Less than a month ago, the 6-foot-9 Bates transferred to Eastern Michigan to play for his hometown Eagles. Bates averaged nearly 10 points a game last season as a freshman at Memphis, where he enrolled after reclassifying to skip a year of high school and join the class of 2021.

“We are aware of a situation involving one of our student athletes,” EMU spokesman Greg Steiner said. “We are working to gather more details and will have further comment when more information is available.”

Bates was the first sophomore to win the Gatorade national player of the year award in high school basketball in 2020, beating out Cade Cunningham and Evan Mobley. Detroit drafted Cunningham No. 1 overall last year, two spots before Cleveland took Mobley in the 2021 NBA draft.

Bates committed to playing for Tom Izzo at Michigan State two years ago, later de-committed and signed with Memphis. Bates played in 18 games for the Tigers, who finished 22-11 under Penny Hardaway. Bates missed much of the season with a back injury before appearing in Memphis’ two NCAA Tournament games.

In 2019, as a high school freshman, the slender and skilled guard led Ypsilanti Lincoln to a state title and was named Michigan’s Division 1 Player of the Year by The Associated Press. His sophomore season was cut short by the pandemic and he attended Ypsi Prep Academy as a junior, his final year of high school.

UConn to pay Kevin Ollie another $3.9 million over firing

uconn
Michael Hickey/Getty Images
0 Comments

STORRS, Conn. — UConn announced Thursday it has agreed to pay former men’s basketball coach Kevin Ollie another $3.9 million to settle discrimination claims surrounding his 2018 firing.

The money is in addition to the more than $11.1 million in back salary Ollie has already been paid after an arbitrator ruled in January that he was improperly fired under the school’s agreement with its professor’s union.

“I am grateful that we were able to reach agreement,” Ollie said in a statement Thursday. “My time at UConn as a student-athlete and coach is something I will always cherish. I am pleased that this matter is now fully and finally resolved.”

Ollie, a former UConn point guard who guided the Huskies to a 127-79 record and the 2014 national championship in six seasons as head coach, was let go after two losing seasons. UConn also stopped paying him under his contract, citing numerous NCAA violations in terminating the deal.

In 2019, the NCAA placed UConn on probation for two years and Ollie was sanctioned individually for violations, which the NCAA found occurred between 2013 and 2018. Ollie’s attorneys, Jacques Parenteau and William Madsen, accused UConn of making false claims to the NCAA for the purpose of firing Ollie “with cause.”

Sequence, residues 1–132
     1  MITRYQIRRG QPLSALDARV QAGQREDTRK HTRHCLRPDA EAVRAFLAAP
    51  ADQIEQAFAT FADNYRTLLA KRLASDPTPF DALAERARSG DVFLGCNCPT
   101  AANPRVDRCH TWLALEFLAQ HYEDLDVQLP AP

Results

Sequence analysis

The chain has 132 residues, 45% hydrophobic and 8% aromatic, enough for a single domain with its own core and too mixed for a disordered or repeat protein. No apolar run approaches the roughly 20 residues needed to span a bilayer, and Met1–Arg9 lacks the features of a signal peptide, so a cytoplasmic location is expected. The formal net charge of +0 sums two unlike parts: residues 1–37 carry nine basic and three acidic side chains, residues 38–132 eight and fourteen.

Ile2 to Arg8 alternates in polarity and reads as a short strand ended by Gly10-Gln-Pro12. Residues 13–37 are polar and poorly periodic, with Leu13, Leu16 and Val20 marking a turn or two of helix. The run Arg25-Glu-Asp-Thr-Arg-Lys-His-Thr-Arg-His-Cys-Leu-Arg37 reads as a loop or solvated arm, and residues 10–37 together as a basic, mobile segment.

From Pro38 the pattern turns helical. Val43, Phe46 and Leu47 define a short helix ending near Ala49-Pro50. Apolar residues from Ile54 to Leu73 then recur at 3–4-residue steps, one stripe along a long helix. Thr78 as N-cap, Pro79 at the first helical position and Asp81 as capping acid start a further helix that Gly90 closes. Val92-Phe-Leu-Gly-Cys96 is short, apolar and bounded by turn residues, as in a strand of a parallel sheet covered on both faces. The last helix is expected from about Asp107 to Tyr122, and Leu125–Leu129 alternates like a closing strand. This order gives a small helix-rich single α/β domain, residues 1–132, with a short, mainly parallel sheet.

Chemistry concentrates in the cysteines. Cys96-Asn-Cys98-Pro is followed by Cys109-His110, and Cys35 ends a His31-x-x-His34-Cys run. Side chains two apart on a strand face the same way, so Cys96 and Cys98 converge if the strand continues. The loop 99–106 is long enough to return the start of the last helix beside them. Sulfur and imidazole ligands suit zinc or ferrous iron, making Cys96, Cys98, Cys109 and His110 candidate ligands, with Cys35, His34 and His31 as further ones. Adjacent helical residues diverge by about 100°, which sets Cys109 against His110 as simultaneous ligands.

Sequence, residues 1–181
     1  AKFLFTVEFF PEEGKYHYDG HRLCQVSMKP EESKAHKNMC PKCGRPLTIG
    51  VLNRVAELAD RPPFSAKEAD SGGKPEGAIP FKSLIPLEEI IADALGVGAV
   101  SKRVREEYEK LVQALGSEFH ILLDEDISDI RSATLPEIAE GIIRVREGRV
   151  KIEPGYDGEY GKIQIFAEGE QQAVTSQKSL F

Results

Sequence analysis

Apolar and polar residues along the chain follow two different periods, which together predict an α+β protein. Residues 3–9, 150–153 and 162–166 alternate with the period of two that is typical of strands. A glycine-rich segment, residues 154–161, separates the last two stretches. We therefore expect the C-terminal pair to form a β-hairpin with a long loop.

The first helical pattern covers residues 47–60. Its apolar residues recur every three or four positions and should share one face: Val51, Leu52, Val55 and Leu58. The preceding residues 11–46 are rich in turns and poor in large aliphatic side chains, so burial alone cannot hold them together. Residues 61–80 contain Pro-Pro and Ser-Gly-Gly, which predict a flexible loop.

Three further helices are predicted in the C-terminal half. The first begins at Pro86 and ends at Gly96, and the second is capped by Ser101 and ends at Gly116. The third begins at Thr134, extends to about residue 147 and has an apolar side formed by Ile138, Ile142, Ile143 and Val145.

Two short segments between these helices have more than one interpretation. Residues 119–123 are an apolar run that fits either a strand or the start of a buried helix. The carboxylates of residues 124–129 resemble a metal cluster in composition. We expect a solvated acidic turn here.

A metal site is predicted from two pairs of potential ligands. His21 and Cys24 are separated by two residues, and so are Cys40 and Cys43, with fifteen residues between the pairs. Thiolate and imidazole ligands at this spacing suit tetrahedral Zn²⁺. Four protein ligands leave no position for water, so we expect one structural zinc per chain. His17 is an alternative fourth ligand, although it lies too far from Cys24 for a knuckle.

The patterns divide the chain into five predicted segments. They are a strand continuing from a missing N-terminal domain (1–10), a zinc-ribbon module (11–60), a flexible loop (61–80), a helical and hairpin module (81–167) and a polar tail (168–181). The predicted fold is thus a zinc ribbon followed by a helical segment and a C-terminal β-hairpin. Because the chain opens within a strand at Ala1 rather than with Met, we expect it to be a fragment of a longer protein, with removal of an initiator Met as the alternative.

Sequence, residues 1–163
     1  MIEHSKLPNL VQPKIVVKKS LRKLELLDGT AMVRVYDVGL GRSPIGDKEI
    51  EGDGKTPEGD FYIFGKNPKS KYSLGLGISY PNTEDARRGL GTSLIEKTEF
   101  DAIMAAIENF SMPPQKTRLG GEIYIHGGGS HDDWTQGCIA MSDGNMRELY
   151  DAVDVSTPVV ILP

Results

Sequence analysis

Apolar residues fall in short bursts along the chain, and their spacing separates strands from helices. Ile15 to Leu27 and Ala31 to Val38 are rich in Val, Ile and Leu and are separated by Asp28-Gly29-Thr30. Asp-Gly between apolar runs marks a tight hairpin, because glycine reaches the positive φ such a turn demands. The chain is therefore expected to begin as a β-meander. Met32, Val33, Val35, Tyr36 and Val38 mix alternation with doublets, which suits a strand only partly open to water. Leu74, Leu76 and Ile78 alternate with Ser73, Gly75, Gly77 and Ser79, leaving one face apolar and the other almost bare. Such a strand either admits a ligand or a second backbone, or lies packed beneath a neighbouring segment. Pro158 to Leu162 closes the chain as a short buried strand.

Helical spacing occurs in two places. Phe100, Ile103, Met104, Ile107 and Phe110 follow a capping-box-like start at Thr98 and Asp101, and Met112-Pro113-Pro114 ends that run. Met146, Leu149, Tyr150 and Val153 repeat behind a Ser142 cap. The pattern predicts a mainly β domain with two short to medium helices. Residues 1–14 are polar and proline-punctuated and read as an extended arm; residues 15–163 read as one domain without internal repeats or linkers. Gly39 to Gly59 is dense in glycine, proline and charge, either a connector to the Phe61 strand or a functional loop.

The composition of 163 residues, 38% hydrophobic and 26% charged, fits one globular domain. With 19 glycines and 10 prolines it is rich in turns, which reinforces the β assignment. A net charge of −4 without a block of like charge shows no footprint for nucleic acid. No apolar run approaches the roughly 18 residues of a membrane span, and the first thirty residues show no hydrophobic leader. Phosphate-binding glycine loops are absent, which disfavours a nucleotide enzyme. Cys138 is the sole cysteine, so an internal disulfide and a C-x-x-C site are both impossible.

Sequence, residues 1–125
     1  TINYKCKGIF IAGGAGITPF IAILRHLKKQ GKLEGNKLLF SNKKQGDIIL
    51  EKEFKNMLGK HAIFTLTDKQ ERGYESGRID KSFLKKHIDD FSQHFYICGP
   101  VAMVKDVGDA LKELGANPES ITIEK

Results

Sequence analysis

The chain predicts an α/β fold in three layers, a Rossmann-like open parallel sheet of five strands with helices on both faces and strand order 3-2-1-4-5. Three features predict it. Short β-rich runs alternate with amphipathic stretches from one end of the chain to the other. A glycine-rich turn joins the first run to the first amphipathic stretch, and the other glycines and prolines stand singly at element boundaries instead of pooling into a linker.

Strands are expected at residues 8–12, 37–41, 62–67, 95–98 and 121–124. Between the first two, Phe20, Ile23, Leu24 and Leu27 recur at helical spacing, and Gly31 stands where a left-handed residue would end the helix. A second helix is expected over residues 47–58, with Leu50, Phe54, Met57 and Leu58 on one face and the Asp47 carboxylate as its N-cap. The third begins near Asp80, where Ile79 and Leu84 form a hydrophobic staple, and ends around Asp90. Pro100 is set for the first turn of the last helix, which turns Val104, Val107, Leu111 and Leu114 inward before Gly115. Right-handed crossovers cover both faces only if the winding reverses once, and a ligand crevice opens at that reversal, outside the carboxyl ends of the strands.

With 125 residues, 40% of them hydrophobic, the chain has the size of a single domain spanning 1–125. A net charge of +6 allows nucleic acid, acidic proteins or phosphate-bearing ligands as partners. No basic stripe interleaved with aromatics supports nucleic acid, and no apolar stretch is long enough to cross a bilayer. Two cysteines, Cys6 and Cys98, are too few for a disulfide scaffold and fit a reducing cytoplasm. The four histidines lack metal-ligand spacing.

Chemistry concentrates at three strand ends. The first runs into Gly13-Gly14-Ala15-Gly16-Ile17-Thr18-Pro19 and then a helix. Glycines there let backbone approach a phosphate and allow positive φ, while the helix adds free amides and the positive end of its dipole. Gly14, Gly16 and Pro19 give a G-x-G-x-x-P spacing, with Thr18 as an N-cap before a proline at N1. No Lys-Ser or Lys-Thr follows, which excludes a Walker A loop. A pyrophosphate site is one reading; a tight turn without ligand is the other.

The school had argued that Ollie’s transgressions were serious and that his individual contract superseded those union protections.

Ollie’s lawyers had argued that white coaches, including Hall-of-Famers Jim Calhoun and women’s coach Geno Auriemma, had also committed NCAA violations, without being fired, and indicated they were planning to file a federal civil rights lawsuit.

The school and Ollie said in a joint statement Thursday they were settling “to avoid further costly and protracted litigation.”

Both sides declined to comment further.

Ollie, who faced three years of restrictions from the NCAA on becoming a college basketball coach again, is currently coaching for Overtime Elite, a league that prepares top prospects who are not attending college for the pros.

Dream’s McDonald returning to Arizona to coach under Barnes

Getty Images
0 Comments

TUCSON, Ariz. — Atlanta Dream guard Aari McDonald is returning to Arizona to work under coach Adia Barnes.

The school announced that McDonald will serve as director of recruiting operations while continuing to fulfill her WNBA commitments. She will oversee all recruiting logistics, assist with on-campus visits, manage recruit information and social media content at Arizona.

McDonald was one of the best players in Arizona history after transferring from Washington as a sophomore. She was an All-American and the Pac-12 player of the year in 2020-21, leading the Wildcats to the national championship game, which they lost to Stanford.

McDonald broke Barnes’ single-season scoring record and had the highest career scoring average in school history before being selected by the Dream with the third overall pick of the 2021 WNBA draft.